Just when you thought Boeing’s troubles with the 737 MAX were over, the U.S. Department of Justice delivers a whopper. The DOJ charged Boeing with one count of conspiracy to defraud the United States. The charges come nearly 22 months after the 737 was grounded following two crashes that killed 346 people.
On Thursday, the DOJ filed charges in U.S. District Court in the Northern District of Texas. As part of a deferred prosecution agreement, the aircraft manufacturer will pay over $2.5 billion to the government, airlines and families of crash victims. From the Department of Justice:
The criminal information charges the company with one count of conspiracy to defraud the United States. Under the terms of the DPA, Boeing will pay a total criminal monetary amount of over $2.5 billion, composed of a criminal monetary penalty of $243.6 million, compensation payments to Boeing’s 737 MAX airline customers of $1.77 billion, and the establishment of a $500 million crash-victim beneficiaries fund to compensate the heirs, relatives, and legal beneficiaries of the 346 passengers who died in the Boeing 737 MAX crashes of Lion Air Flight 610 and Ethiopian Airlines Flight 302.
While that $2.5 billion is a decent chunk of cash, only $500 million of it is allocated for families of crash victims.
The DOJ issued harsh criticism of Boeing’s actions as valuing profit over transparency and safety. It attributes the FAA’s failure to ensure the 737 MAX was safe to Boeing’s fraud.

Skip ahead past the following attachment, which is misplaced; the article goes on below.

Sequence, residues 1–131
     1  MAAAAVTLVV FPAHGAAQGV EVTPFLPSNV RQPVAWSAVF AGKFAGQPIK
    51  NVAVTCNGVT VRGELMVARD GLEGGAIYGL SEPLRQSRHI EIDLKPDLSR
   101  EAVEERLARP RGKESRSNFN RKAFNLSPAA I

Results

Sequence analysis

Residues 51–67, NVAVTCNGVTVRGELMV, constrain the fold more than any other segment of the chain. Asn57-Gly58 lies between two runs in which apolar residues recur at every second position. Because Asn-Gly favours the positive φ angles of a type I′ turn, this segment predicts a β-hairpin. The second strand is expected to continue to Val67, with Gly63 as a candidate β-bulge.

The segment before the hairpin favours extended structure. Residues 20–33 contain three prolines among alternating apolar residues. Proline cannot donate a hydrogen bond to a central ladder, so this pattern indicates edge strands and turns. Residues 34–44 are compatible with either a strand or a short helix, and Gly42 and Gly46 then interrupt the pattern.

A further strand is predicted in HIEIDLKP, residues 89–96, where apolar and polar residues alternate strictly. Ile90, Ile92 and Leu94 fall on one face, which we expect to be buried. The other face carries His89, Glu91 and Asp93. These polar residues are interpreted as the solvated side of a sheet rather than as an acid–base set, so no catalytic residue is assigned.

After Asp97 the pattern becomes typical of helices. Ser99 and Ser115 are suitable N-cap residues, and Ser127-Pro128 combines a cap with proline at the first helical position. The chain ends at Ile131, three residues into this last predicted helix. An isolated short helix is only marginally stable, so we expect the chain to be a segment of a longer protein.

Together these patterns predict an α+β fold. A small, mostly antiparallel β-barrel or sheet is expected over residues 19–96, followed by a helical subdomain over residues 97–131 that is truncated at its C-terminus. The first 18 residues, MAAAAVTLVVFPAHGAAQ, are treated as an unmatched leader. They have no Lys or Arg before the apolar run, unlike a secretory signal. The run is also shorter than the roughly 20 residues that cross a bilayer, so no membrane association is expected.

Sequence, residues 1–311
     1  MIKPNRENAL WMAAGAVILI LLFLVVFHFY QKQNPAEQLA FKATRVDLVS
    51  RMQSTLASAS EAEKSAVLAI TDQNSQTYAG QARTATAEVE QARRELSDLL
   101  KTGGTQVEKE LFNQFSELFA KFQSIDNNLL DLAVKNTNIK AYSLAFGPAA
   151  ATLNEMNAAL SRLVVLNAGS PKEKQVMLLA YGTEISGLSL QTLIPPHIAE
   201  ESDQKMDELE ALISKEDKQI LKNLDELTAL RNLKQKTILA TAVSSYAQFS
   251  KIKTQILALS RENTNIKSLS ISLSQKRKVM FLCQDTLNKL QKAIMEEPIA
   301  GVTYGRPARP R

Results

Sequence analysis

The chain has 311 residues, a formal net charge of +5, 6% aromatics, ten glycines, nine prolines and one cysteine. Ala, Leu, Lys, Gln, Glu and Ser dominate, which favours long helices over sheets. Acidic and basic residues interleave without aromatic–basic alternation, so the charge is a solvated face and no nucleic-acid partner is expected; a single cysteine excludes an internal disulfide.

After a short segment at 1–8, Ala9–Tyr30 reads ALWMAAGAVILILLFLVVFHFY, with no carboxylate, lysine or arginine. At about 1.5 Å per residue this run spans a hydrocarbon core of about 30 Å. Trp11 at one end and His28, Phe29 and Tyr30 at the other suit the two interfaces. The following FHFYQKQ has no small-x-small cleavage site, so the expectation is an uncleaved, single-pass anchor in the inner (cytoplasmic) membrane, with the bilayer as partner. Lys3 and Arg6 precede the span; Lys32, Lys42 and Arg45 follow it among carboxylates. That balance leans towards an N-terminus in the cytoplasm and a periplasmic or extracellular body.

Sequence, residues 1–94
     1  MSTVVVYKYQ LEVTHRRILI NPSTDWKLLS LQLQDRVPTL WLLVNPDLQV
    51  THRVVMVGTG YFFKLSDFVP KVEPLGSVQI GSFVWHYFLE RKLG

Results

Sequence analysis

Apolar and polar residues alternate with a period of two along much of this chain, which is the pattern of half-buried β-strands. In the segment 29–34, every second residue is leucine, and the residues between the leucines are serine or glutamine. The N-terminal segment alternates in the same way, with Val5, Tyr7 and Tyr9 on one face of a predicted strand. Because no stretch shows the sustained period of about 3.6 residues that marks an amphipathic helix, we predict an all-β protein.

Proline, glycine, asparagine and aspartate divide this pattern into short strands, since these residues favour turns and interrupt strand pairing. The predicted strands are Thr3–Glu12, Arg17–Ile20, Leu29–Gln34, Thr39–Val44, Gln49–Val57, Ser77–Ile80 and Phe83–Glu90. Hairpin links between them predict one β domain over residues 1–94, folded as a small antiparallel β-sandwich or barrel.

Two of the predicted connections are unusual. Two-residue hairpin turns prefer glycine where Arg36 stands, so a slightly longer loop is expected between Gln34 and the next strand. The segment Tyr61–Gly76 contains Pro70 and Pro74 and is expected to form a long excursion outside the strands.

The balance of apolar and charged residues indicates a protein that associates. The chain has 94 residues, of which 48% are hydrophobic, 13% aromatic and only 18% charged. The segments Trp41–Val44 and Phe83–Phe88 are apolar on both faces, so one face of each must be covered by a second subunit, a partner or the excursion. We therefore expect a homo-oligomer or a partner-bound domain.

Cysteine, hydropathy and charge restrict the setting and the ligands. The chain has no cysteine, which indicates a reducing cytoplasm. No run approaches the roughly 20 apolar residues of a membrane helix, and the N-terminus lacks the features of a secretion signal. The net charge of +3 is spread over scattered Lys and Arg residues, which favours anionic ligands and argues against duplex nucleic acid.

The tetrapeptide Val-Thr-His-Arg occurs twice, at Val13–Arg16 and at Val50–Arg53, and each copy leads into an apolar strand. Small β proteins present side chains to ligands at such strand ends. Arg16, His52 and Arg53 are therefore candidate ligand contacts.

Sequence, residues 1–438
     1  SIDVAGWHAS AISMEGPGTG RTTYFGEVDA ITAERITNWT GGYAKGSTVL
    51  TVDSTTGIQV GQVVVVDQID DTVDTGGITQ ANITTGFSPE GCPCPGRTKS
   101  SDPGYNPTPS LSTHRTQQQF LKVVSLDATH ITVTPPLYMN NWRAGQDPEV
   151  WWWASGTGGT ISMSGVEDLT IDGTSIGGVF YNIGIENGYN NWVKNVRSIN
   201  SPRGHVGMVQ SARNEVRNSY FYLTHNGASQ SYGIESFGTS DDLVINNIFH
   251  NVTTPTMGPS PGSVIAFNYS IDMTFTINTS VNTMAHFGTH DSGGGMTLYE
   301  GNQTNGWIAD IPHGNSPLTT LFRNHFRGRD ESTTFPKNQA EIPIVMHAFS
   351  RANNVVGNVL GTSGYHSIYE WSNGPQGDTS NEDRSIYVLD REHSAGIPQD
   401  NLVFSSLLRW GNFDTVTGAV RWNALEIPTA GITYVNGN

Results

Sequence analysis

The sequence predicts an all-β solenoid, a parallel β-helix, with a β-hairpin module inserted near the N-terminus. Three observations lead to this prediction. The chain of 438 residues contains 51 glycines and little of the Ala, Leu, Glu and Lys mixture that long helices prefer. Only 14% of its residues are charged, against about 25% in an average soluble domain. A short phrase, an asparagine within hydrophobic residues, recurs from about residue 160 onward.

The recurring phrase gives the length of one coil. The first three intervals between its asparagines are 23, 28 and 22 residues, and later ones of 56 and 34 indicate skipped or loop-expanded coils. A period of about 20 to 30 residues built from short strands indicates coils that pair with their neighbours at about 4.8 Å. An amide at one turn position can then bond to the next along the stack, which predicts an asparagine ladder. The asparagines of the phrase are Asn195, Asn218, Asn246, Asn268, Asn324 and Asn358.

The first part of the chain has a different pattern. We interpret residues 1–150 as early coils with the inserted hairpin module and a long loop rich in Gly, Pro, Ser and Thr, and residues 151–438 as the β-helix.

“The tragic crashes of Lion Air Flight 610 and Ethiopian Airlines Flight 302 exposed fraudulent and deceptive conduct by employees of one of the world’s leading commercial airplane manufacturers,” said Acting Assistant Attorney General David P. Burns of the Justice Department’s Criminal Division. “Boeing’s employees chose the path of profit over candor by concealing material information from the FAA concerning the operation of its 737 Max airplane and engaging in an effort to cover up their deception. This resolution holds Boeing accountable for its employees’ criminal misconduct, addresses the financial impact to Boeing’s airline customers, and hopefully provides some measure of compensation to the crash-victims’ families and beneficiaries.”
“The misleading statements, half-truths, and omissions communicated by Boeing employees to the FAA impeded the government’s ability to ensure the safety of the flying public,” said U.S. Attorney Erin Nealy Cox for the Northern District of Texas. “This case sends a clear message: The Department of Justice will hold manufacturers like Boeing accountable for defrauding regulators – especially in industries where the stakes are this high.”
Boeing admitted in court documents it deceived the FAA regarding the Maneuvering Characteristics Augmentation System (MCAS) meant to stabilize planes at a high angle of attack. Angle of Attack is the angle between the wing and the airflow rushing past the airplane. Because of Boeing’s coverup, documents from the FAA lacked information about MCAS, as did airplane manuals and pilot training manuals.
This case has sparked multiple Congressional inquiries, a Department of Transportation investigation and a wave of lawsuits including everyone from airlines to pilots of the 737 MAX aircraft. Public confidence in the FAA and Boeing took a toll in the aftermath of the MAX scandal.
Thankfully, the 737 MAX itself is now safe to fly and returned to the friendly skies on December 29 with American Airlines. Like some other planes that got a rocky start — the McDonnell Douglas DC-10 comes to mind — hopefully, the fixed MAX planes enjoy successful and safe careers. Flying remains the safest way of travel and I wouldn’t think twice about flying on a MAX.